Mr. Switzer: There are plenty fellows now swaggering around and paying nothing at all, and I don’t see why those fellows should be swaggering around while we pay the rates.
The Clerk : The collectors ought to be requested to collect the rates.
A Guardian said that the people would be better able to pay in a month’s time.
Mr. hewson said he would be in favour of not issuing cheques to these people to whome they owed money, and who were not pressing for payment. Everybody had to wait for money now, and h did no t see why the people there , any of them who could afford to wait, should not wait for a fortnight or a month instead of pressing the ratepayers as they were doing. He would rather do that than increase their indebtedness to the bank.
Mr. Maunsell: I think pressure ought to be put on the collectors.
Mr. Switzer: Of course we are supposed to represent the people in a certain sense, as elected Guardians from the people themselves. Now, there are some of those you know who won’t pay any rates. They are schemers, don’t you see – they will do nothing, and when we represent them I don’t see why we should not compel them to be equal to every other honest man.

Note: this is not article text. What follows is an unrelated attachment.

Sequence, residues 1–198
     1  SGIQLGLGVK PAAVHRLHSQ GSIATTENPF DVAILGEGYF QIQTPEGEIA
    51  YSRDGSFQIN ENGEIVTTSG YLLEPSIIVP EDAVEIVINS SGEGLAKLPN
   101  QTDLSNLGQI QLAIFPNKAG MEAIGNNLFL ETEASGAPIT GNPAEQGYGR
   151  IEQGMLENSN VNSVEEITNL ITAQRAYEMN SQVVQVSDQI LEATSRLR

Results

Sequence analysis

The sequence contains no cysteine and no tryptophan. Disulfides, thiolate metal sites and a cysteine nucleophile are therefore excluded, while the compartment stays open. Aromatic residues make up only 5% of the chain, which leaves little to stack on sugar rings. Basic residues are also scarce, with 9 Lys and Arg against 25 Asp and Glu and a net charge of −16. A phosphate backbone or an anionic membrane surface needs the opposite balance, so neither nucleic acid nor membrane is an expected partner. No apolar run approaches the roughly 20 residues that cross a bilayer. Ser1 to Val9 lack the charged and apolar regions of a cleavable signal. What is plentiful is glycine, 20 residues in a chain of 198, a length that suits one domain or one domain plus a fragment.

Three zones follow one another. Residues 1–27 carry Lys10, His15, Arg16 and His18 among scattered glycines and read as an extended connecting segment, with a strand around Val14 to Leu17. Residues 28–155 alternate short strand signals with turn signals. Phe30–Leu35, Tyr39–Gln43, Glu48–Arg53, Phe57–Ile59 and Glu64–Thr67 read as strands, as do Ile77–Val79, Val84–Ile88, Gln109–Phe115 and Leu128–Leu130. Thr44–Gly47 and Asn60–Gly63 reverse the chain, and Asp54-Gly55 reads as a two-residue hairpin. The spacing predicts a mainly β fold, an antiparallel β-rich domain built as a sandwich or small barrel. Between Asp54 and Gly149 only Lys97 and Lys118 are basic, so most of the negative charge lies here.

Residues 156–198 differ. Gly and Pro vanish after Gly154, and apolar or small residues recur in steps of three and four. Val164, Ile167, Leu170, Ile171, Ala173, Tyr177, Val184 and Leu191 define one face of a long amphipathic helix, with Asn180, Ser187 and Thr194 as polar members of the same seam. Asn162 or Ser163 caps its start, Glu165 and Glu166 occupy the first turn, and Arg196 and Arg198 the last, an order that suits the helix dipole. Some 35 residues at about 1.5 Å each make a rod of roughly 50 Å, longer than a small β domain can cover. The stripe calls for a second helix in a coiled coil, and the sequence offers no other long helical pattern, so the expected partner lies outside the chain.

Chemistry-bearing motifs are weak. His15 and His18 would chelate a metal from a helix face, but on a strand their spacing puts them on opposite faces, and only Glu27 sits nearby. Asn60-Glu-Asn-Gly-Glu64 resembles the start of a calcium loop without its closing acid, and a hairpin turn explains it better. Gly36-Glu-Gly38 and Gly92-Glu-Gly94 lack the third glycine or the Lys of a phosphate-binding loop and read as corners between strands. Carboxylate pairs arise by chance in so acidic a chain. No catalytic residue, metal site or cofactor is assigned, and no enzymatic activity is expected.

The Chairman : How is it they are not compelled to pay rates?
Mr. Switzer: That is what I want to come to. They won’t pay anything. I am full sure that many of them are able to pay, and hey swagger around and won’t pay.
Mr. Hewson said that the persons referred to, though they might have plenty of money in their pockets, might not at the same time possess any goods capable of being seized in satisfaction for the rates.
Mr. Switzer; But idlers and schemers won’t pay anything.
Mr. Maunsell: Are you going to bring any pressure to bear on the collectors?